I’ve been writing about the new film Newlyweeds here on Bold As Love for the past few months with good reason. Director Shaka King’s ambitious feature film debut is a bitingly funny ‘black’ comedy that by the end is a truly focused character study of two young people refusing to begin taking their lives seriously. The one thing kept them together is the one thing that breaks them apart – their love of smoking weed.
I recently interviewed the Brooklyn, NY born and bred King about his film, which debuts today at NYC’s Film Forum and at Crenshaw 15 and Rave 18 in Los Angeles. We chatted about how his script evolved into what we see now, how he gathered such an outstanding cast, and how he made a real New York film.
Curtis John: I’m so glad to see how far you’ve come with your film as I was at its first public script reading. How much has changed from early versions of the script and your actual shooting script, and then into editing?
Shaka King: It changed drastically. In the original [Lyle and Nina] aren’t even living together…she’s still living with her parents. Diane Neal’s character Manny actually had a much bigger role that was really funny but we had to cut for space, and the biggest is the ending where Lyle and Nina go into the sunset together. Originally her Mom calls the cops but they leave together in a cab a la The Graduate…the cab turns into a plane and they fly away into the air, but that’s not really the ending I wanted.
That ending was complex and complicated to shoot with cranes and such but we setup to shoot it and did…. but it turned out kinda muddy looking and mostly unusable. Honestly, despite all the effort it took I was glad that happened since [as a director] I enjoy cutting my shots and getting rid of material we don’t need to use. We just ended up reshooting the ending with my buddy who owned the cab driving Lyle alone to the airport.
CJ: Most of us only know your male lead Lyle, played by Amari Cheatom, from his mostly quiet but extremely memorable role in Night Catches Us. How did you two meet and why in your opinion was he ideal to play Lyle?
SK: Amari and I met through Gbenga [Akinnagbe, one of our producers] who told me we have to meet , that he would be the next big thing and you should work with him now before he blows up.
There were a ton of reasons to cast him. In Night Catches Us, to me he was the most interesting cast member – there was so much going on with him. You really don’t know what’s going on with him: does he have a mental disorder, or what? With all due respect to [director] Tanya Hamilton, I can see he brought a lot to the character, more than was on the page. After we Skyped [with each other] the connection was instant; you just know people that remind you of yourself. I can tell that we had similarities. I can tell he has an ‘old soul’ – a term thrown around but it applies to him. I can also tell that in his own personal life that he was on the cusp of self-discovery, which is where I wanted Lyle to be at the end of the movie. He also looked like a real person. Not like a wide receiver, at the gym eight hours a day like other actors, no offense at all to them, but like someone realistic. We did have to work on his accent because he’s from Atlanta and he needed to sound like a Brooklyn dude, but he was adept at shifting that baritone. I don’t know what’s up with Los Angeles, but he should be working more.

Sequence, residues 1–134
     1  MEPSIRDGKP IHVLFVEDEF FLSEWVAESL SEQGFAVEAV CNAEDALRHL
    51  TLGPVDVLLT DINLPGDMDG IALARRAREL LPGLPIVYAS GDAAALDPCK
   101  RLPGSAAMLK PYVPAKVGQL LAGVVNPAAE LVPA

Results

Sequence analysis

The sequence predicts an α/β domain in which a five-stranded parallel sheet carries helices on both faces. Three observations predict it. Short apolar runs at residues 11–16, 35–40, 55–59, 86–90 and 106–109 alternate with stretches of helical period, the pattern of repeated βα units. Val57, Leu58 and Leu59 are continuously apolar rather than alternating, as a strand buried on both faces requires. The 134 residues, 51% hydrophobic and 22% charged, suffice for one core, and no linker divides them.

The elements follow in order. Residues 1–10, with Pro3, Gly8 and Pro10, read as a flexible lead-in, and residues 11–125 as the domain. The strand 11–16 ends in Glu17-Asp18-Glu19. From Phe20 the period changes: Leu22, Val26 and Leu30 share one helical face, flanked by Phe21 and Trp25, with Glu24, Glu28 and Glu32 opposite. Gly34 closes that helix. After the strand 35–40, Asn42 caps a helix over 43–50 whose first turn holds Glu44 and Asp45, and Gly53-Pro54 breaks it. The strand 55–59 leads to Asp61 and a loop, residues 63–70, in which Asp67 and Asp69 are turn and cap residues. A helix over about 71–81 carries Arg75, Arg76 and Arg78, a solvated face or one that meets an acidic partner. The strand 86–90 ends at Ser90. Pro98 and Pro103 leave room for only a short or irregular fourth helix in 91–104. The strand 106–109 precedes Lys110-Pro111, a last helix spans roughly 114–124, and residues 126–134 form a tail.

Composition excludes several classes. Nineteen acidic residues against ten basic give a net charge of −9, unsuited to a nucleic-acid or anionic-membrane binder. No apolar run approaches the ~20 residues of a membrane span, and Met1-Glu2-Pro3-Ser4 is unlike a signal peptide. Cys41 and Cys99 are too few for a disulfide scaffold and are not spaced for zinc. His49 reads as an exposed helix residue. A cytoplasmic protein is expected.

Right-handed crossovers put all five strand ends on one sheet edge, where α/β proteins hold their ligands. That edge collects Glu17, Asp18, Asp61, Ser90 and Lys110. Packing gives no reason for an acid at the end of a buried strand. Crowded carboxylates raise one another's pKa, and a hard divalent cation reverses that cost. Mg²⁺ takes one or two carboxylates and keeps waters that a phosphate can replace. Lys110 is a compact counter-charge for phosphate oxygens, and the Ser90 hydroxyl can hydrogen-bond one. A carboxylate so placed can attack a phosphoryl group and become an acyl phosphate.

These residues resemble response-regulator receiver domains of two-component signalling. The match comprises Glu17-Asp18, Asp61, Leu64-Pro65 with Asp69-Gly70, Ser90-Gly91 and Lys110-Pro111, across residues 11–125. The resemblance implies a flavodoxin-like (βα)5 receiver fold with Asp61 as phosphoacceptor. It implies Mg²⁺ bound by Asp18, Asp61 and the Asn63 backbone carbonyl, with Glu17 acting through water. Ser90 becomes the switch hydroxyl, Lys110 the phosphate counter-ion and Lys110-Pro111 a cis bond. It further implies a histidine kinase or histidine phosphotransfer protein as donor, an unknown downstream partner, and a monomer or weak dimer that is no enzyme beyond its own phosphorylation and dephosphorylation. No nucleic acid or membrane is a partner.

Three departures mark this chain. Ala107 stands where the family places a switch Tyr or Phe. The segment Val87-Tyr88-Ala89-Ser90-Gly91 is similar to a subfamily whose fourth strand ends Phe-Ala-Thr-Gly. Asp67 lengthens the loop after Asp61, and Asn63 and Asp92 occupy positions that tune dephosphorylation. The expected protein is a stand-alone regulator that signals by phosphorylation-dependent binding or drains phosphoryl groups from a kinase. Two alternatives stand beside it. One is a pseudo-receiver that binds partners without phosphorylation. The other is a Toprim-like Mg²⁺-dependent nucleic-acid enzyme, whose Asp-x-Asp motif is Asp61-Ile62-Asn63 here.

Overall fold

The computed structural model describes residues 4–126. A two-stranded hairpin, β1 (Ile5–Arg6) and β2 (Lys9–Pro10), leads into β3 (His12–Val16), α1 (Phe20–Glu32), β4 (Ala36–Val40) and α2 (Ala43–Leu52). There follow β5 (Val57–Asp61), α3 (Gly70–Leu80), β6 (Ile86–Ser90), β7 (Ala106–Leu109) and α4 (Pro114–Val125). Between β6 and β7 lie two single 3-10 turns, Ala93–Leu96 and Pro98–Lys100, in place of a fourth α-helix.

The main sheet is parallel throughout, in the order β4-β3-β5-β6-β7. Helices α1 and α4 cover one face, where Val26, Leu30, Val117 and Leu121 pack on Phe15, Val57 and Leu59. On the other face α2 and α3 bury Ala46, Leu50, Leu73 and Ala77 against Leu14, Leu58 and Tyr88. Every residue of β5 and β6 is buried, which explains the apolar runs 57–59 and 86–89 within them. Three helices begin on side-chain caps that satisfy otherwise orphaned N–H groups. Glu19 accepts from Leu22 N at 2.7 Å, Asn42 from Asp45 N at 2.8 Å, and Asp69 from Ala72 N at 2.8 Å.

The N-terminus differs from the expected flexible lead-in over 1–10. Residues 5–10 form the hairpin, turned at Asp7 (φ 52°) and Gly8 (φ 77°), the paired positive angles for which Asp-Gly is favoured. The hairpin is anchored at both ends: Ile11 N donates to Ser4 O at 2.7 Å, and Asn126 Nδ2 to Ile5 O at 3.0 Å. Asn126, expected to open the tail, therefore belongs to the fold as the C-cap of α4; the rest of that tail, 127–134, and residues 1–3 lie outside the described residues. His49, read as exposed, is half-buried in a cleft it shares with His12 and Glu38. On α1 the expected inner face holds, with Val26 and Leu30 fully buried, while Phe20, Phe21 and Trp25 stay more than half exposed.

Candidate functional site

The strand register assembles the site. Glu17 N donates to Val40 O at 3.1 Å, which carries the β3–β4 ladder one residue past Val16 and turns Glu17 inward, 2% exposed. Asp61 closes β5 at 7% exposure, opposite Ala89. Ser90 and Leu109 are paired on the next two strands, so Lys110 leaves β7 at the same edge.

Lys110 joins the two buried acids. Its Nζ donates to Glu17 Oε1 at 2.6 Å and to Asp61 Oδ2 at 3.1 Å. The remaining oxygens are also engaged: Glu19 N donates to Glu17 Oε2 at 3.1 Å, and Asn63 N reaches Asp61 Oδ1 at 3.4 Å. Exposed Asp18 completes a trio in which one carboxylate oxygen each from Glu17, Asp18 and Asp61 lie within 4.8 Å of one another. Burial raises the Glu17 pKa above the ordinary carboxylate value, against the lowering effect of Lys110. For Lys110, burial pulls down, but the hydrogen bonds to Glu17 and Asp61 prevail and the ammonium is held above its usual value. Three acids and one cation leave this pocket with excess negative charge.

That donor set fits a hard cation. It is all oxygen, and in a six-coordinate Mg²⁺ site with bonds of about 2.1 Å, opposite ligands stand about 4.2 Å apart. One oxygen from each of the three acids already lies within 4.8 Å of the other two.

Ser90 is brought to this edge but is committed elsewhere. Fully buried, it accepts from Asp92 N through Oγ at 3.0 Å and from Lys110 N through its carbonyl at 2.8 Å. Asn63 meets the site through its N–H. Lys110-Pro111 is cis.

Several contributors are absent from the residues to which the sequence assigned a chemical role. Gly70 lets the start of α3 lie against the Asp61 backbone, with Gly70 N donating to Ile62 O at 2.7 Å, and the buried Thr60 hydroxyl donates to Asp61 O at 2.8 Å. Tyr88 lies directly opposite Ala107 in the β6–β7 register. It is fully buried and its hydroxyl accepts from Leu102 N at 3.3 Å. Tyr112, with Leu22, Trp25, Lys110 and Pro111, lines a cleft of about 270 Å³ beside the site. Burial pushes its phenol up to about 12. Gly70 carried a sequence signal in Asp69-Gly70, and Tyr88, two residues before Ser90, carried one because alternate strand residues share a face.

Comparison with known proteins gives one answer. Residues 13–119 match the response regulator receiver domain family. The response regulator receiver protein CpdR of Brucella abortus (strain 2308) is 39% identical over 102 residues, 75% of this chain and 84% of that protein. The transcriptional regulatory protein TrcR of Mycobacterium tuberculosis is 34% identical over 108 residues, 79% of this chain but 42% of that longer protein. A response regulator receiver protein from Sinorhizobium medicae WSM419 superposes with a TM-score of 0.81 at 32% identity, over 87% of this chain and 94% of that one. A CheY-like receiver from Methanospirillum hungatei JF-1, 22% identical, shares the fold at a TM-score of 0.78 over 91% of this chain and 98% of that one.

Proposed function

CJ: Beyond her acting, and she did a really great job for her first feature film, I love Trae Harris because she reminds me of a pixie — like Tinkerbell from Peter Pan, which actually makes for a perfect weed-head. But what was it about her that attracted you to casting her as Nina?
SK: That was the most difficult role to cast. I wanted someone that reminded me of one of my friends, but most of the actresses I was auditioning don’t or never smoked weed. It was important that both actors either have in the past or presently smoke weed or had a sense of what it was to be really high…to have that sense memory.
On top of that, a lot of the actresses were in that pipeline were used to auditioning as the ‘black friend’ and had to have a perm or have their shit together or be exceptionally pretty by a Western sense of beauty. Nothing against them, that’s part of the business, but I wasn’t looking for a model. I kind of wanted an actress who didn’t really want to be an actress.
Then I had a friend who was helping me cast extras and she showed me Trae’s photos and her resume had this [website] link to how she styles herself and I felt: this is Nina four years in the future. I didn’t even know if she could act. So many people in this movie had never acted before. So we set up a meeting and she was late for it and so was I, which was perfect. Come to find she studied acting at The New School but couldn’t find roles because of how she looked. We auditioned her, she did an improvisation piece, and I decided that despite the gamble of working with an unknown, that if we don’t cast HER we won’t do the movie.